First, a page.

2023 Income – 60k? 90k? or 130k?

In my last post, I wrote about how much I spent for the year. I received mixed responses from the community.

“that’s really low”
“about there”
“not easy with 2 kids”
“wah so high”

The responses are not unexpected since immediate response will be comparing to personal numbers. It is only a while later that one will start to think about the context behind the figures. It should not be surprising then that the responses are mixed as our circumstances, stages of life, and preferences in lifestyle are all different.

So is it still useful to share the numbers?

Just sharing a number without narrative is really not quite useful but if one reads the narrative, then it could help us be more aware of other alternatives that might be our blind spots. And I meant it in both ways. There might be certain areas which we can learn to reduce expenses, and others where we could spend a bit more if they are meaningful to us.

Finally, there are quite a number of positive responses towards the categories. I like it too as it clarifies why I am spending the money for and I won’t hold back the spending if I find it meaningful.

Saw this response this morning and definitely a good reminder to everyone.

Back to income

Similarly when comes to income, knowing the context is important. The numbers you are going to see come from an accumulation of two decades of efforts and experience from working and investing.

Regular readers would know that this is a special year for me as I gave up my regular income. Previously, income simply means the take home salary I received. Yes, there are CPF contributions and dividends but they are future money, not for immediate use. So typically, I just looked at my take home salary.

Now that I am funding my expenditure with dividend and investment drawdown, things get a bit complicated. Also, with less than 6 years to go before I can access my CPF, it does make sense for me to see how that will fund my future expenses.

There are different ways to present the information. After thinking about it, I decided that the following two ways make more sense to me.

  • Recurring vs Non-recurring
  • Cashflow vs CPF

Recurring vs Non-recurring

This provides an overall view of what I earned for the year.

Recurring refers to interest and dividends. They are not guaranteed but has a high likelihood of recurring and is generally passive. Once I put in my investment, there isn’t much tracking to do except for monitoring business performance on a quarterly or half yearly basis.

Thanks to the higher interest rate from UOB One, Singapore Savings Bonds and T-bills, the amount received from cash and CPF is higher this year. Dividends dips slightly but still contributes substantially to overall income.

On the right hand side are capital gain from stock and active income. It’s obvious why capital gain from stock might not recur on a yearly basis. It depends on stock price, which is affected not only by business fundamentals. In fact, just barely two months ago, I was having a slight capital loss! So this component is highly volatile in the short term.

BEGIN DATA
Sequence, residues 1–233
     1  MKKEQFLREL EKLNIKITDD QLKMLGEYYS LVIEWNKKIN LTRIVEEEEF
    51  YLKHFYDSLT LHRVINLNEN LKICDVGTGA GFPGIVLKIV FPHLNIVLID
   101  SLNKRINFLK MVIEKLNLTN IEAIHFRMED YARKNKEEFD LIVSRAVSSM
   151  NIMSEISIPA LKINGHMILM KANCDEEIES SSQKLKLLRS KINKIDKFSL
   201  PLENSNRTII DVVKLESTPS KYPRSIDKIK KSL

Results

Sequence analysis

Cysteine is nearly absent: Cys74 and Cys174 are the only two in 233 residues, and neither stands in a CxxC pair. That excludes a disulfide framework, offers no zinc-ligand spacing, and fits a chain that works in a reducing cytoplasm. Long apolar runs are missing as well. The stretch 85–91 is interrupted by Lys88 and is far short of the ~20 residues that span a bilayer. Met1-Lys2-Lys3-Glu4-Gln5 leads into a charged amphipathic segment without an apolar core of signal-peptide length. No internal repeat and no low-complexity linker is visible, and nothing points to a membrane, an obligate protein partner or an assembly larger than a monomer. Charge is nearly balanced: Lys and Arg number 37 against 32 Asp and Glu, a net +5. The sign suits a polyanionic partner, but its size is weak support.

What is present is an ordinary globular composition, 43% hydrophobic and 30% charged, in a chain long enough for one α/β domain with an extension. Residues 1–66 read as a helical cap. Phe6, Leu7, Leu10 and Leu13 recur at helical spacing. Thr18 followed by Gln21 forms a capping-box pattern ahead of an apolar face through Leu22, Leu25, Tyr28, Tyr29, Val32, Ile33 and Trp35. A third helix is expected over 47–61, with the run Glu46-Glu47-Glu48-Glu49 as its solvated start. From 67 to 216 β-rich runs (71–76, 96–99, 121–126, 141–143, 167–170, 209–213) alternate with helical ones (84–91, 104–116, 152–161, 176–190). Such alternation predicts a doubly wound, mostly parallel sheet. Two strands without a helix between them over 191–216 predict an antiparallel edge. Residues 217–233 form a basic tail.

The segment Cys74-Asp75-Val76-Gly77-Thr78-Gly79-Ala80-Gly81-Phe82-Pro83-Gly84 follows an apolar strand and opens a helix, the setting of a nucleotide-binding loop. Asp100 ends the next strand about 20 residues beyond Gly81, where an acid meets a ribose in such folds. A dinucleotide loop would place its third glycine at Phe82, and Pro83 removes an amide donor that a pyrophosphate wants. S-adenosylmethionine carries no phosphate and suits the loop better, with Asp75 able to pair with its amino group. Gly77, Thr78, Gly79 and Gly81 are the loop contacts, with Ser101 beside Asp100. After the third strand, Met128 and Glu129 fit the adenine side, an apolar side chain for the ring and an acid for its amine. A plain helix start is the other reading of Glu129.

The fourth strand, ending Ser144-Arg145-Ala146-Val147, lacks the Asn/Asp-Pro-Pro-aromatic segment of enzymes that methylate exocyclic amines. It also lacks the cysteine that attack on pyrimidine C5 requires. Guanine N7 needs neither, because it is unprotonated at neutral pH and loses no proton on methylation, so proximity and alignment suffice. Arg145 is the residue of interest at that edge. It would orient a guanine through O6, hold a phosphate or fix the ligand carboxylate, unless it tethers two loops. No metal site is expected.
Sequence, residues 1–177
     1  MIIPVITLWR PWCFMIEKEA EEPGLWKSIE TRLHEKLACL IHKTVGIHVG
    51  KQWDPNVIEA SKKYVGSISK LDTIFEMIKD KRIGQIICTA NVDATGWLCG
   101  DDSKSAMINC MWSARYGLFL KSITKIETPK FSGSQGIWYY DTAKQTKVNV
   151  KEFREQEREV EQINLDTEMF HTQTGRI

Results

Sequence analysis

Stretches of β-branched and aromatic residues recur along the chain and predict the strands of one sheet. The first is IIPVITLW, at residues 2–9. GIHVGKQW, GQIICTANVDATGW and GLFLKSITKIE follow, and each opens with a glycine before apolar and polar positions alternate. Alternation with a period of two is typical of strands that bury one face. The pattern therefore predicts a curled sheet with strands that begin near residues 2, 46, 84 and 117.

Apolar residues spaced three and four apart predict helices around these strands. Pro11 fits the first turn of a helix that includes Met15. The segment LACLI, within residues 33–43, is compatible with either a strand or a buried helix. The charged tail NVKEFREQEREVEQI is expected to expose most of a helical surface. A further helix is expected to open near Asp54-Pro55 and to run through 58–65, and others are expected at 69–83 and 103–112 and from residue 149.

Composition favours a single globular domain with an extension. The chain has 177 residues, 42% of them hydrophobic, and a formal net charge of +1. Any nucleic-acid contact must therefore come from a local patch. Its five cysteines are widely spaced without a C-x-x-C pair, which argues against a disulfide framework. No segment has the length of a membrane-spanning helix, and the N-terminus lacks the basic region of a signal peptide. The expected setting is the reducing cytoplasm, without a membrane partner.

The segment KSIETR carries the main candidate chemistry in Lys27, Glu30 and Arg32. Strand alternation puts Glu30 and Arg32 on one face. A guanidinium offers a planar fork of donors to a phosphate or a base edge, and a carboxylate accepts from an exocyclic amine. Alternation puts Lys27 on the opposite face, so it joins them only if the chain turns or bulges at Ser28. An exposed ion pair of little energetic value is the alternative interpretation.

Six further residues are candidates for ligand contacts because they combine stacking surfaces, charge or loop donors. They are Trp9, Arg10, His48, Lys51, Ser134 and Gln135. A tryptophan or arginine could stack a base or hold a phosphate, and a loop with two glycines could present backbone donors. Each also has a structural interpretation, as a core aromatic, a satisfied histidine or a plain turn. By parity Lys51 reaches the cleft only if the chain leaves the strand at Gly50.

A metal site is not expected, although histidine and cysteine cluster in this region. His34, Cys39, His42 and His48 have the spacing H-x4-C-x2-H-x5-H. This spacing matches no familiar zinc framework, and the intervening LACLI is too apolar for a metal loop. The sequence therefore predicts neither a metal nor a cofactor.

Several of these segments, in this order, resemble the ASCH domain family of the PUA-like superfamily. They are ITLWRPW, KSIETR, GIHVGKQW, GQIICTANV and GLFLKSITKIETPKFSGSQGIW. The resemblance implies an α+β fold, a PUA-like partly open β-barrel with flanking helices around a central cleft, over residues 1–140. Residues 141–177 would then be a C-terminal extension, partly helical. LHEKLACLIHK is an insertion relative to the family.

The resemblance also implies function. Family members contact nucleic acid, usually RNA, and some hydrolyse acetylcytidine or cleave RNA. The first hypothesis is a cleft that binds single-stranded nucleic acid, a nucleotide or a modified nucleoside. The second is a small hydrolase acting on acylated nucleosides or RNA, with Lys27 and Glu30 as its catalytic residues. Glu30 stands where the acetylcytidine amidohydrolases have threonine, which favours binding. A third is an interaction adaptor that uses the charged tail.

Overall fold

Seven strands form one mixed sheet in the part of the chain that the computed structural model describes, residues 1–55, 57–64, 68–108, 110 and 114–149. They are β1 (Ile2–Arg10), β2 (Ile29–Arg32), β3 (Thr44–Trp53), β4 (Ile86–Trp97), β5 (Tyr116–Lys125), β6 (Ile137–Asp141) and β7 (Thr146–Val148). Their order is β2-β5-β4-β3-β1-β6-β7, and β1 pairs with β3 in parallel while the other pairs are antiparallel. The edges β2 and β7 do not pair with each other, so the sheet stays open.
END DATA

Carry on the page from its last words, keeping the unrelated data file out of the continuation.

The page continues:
As for active income, it really depends if I take on any paid employment. For this year, I still worked for a month at the beginning of the year, and gave tuition to an ex-student in the second half of the year.

Cash flow and CPF

While the above gave me an overview of my earnings, not all earnings can be used to fund the expenditure. Capital gain from the stock, unless realised, cannot be used to pay for expenditure.

So another way to view my income is from a cash flow perspective. The focus on cash flow came about eight years ago, when I decided to shift from the model of “Work, Save, and Invest” to “Invest, Cash Flow, and Work”. You can read the this historical post if you are interested.

Investing and getting the cash flow, rather than paid employment, became plan A. That model continues to be relevant now as I attempt to fund my expenditure from dividend and investment drawdown.

I executed my drawdown plan early this year as my portfolio hit the targetted return. The amount to draw down is dynamics as it depends on my expenditure. Along the year, some money is ploughed back to the stock portfolio due to additional active income from giving tuition and reduction in spending.

On the other end is simply the increase of CPF. Definitely happy to see the increasing contribution every year. Just in case you are wondering – no, I do not voluntary contribute to CPF or transfer OA to SA as I do not like to lock up my money for such a long period. I was able to increase the amount by investing my OA over the years.

So this view removes the volatility that comes from the capital gain/loss from stock. One way to think about this is to treat my investment portfolio as a separate entity, like a unit trust that pays out dividend. I will liquidate a portion of the unit trust when the price is good. On the other hand, I will put more money into the fund if the price is attractive and I have excess cash.

So is my income this year $60k? $90k? or $130k?

It is all three.

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